Everything wrong with that “Oplan Dog-hang” campaign
Not only is it inhumane, it's also ignorant
Sep 14, 2018
As if the administration has not bred the culture of cruelty and violence in this country enough, local government officials of Barangay Capri, Novaliches, Quezon City have launched another inhumane and ignorant campaign that puts the lives of stray and house dogs at risk called “Oplan Dog-hang,” an evident allusion to the administration’s “Oplan Tokhang.”
In a Facebook post (which has now been deleted), the barangay’s health committee chairperson, Agnes Cando, said the campaign was launched to keep their surroundings clean and safe since dog bites have been rampant there for some time.
“Ang mga nahuhuling aso ay dinadala sa dog pound kung saan ang ating punong lungsod ay ganap nang nakikipag-koordina sa mga animal advocates tulad ng PAWS para sa mga nagnanais na mag-adopt ng mga hayop na nahuhuli at nang maalagaan ng [sic] wasto ang mga ito,” she said.
For starters, the campaign name itself is already appalling. “Oplan Dog-hang” alludes to “Oplan Tokhang,” the senseless yet unfortunately ongoing anti-illegal drug campaign of this administration which has led to the brutal murders of more than 12,000 Filipinos. There are some parallelisms between the two, too. In the “Tokhang,” cruelty is painted as the “cure” to solve problems in this country. When President Rodrigo Duterte launched that campaign, he encouraged Filipinos to “find them (drug users and pushers) and arrest them. If they resist, kill them all.” The “Tokhang” promotes the ruthless control and barbaric acts of people of authority just as a way to solve our problems. But alas, has any problem even been solved?
Government officials of Barangay Capri likewise seemed to aim the use of repression to address their problem. In a bid to lessen dog bites in their neighborhood, they encouraged dog owners to report stray dogs for collection and to surrender the dogs they cannot take care of anymore to the dog pound. The animals will be secured and adopted, they assured. But were they even sure the dogs will be adopted? They should have at least encouraged people to adopt rather than abandon their dogs, right? Majority of dogs in pounds only end up being euthanized.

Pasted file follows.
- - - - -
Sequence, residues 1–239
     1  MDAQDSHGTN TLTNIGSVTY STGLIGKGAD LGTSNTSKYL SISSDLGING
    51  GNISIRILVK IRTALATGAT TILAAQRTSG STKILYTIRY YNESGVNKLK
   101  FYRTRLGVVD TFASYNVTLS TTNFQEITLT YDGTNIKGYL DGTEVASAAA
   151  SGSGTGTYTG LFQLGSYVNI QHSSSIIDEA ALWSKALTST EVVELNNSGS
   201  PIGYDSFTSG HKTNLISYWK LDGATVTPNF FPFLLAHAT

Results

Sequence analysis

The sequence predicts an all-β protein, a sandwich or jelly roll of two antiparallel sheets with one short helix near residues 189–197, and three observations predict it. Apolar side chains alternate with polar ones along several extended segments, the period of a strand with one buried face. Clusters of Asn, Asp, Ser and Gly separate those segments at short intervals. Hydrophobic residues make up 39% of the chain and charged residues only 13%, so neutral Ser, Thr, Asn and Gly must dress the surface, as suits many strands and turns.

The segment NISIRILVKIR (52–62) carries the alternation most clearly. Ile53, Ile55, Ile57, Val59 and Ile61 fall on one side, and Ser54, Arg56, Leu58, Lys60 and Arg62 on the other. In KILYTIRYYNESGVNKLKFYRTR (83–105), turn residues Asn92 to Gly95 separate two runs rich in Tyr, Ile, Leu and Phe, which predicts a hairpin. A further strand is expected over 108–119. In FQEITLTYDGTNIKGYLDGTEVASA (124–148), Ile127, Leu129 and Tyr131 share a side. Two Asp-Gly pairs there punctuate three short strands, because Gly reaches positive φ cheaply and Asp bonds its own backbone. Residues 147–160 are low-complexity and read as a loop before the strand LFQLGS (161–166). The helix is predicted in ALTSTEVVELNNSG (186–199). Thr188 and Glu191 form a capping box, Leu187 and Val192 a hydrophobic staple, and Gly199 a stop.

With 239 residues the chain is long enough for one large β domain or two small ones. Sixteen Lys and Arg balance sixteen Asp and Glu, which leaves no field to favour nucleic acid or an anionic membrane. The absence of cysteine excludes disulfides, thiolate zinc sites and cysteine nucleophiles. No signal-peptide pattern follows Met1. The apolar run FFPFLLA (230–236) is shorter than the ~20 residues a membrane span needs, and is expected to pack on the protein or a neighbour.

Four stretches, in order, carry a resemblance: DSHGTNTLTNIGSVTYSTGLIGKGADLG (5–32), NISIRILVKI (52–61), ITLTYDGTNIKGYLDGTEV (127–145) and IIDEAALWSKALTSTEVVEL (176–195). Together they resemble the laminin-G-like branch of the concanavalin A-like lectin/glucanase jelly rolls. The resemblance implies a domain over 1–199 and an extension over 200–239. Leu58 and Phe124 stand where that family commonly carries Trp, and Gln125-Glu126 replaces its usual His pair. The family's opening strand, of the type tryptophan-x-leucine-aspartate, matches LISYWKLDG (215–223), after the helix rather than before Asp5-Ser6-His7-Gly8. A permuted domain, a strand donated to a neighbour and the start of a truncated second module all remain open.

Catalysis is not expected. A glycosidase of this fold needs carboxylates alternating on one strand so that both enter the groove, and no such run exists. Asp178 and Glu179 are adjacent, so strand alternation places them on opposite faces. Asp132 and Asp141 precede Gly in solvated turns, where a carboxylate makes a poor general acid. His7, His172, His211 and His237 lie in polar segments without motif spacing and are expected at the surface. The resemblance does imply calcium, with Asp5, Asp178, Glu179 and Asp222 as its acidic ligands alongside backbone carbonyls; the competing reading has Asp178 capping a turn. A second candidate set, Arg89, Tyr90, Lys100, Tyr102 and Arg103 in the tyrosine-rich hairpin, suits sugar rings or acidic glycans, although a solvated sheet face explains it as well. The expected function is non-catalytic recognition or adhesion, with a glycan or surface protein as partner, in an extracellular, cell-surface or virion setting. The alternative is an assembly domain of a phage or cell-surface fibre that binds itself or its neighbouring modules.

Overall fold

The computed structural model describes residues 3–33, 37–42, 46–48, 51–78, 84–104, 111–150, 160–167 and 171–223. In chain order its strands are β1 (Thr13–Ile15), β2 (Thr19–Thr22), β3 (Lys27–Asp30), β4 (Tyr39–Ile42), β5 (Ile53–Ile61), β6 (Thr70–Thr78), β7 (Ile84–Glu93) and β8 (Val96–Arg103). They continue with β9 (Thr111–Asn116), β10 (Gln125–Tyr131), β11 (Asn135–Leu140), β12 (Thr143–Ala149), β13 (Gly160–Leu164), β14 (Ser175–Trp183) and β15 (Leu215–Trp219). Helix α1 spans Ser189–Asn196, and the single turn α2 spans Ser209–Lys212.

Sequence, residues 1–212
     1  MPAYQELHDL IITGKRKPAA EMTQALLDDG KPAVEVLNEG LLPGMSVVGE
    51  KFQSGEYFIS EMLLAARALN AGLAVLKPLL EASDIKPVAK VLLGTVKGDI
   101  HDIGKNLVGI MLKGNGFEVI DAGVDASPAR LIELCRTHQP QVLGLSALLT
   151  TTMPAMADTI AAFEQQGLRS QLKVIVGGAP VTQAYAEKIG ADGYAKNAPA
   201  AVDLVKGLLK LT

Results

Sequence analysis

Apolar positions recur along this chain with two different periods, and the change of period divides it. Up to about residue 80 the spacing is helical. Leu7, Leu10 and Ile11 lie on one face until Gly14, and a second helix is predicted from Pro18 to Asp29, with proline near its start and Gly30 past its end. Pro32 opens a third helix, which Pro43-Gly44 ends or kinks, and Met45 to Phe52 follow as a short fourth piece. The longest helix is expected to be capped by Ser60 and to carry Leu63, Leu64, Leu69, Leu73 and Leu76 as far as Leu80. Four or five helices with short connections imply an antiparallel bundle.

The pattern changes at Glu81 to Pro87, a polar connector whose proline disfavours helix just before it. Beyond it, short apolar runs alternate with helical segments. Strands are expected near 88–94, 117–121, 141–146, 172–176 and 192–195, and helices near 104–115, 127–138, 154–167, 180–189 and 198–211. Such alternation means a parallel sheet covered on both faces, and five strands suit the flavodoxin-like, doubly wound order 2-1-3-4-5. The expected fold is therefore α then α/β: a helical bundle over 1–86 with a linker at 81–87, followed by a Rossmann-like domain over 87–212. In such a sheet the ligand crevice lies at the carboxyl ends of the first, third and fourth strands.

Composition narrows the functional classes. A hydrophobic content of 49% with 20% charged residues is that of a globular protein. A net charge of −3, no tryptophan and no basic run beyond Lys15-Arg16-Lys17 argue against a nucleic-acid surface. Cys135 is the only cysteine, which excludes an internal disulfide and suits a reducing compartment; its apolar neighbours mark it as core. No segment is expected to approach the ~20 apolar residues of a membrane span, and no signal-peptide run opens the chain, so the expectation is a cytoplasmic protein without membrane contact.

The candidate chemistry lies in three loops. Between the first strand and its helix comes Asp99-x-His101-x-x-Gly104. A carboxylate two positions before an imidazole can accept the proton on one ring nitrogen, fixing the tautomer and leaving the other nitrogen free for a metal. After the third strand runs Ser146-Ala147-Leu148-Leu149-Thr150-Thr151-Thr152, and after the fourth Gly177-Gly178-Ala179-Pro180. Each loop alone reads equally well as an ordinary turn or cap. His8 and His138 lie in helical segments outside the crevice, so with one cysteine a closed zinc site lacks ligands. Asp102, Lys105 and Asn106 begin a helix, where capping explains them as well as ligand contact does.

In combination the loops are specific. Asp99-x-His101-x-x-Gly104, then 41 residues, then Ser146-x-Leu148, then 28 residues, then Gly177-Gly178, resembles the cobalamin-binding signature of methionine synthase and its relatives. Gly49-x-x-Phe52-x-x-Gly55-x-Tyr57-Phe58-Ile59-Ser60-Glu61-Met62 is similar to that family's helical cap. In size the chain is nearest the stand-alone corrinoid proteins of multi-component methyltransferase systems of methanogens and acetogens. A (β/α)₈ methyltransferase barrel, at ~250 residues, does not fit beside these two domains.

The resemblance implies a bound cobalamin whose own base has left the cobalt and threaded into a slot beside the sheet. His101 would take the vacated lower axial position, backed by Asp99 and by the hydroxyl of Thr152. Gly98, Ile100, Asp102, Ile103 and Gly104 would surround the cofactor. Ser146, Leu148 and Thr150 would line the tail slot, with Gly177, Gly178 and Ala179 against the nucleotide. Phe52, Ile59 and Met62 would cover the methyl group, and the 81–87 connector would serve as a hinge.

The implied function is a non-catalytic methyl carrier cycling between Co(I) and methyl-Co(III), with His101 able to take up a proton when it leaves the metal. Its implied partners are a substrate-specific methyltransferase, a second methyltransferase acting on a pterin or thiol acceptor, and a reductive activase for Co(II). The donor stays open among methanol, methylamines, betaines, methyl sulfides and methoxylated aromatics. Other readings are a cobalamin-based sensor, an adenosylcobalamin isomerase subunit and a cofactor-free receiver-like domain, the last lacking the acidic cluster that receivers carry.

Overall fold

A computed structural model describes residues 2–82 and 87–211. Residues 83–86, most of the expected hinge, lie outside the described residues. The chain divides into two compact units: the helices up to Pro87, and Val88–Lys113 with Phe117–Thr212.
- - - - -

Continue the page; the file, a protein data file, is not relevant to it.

The campaign was, ironically, a part of the barangay’s Crusade Against Crime campaign. But with that kind of title, it only seems to promote crusades for crime.
Cando mentioned that upon the collection of dogs, they will be cooperating with the Philippine Animal Welfare Society (PAWS) which, just hours later after her post, condemned the campaign.
PAWS said the campaign violates the Animal Welfare Act, which specifies that the “control or collection of dogs must be done humanely.” Owners of dogs must also not be encouraged to surrender their dogs to the local pounds because this is a way of pet abandonment.
Furthermore, PAWS clarified that animal welfare shelters are not “repositories” of stray animals. “Pounds do not regularly coordinate with animal welfare groups because they are well aware of the difference between animal control and animal welfare and their areas of responsibility,” PAWS wrote.
It is infuriating how local government officials remain so ignorant of dealing with issues like this. They think that through means of allowing restraint and control, safety will prosper. It won’t. It will further give an impression that problems in our society can be solved only through repression.
And for the record, if they aimed for a witty and catchy campaign name, they should have at least used their wits. The title and objectives of “Dog-hang” didn’t even make sense at all.
Header image courtesy of Unsplash
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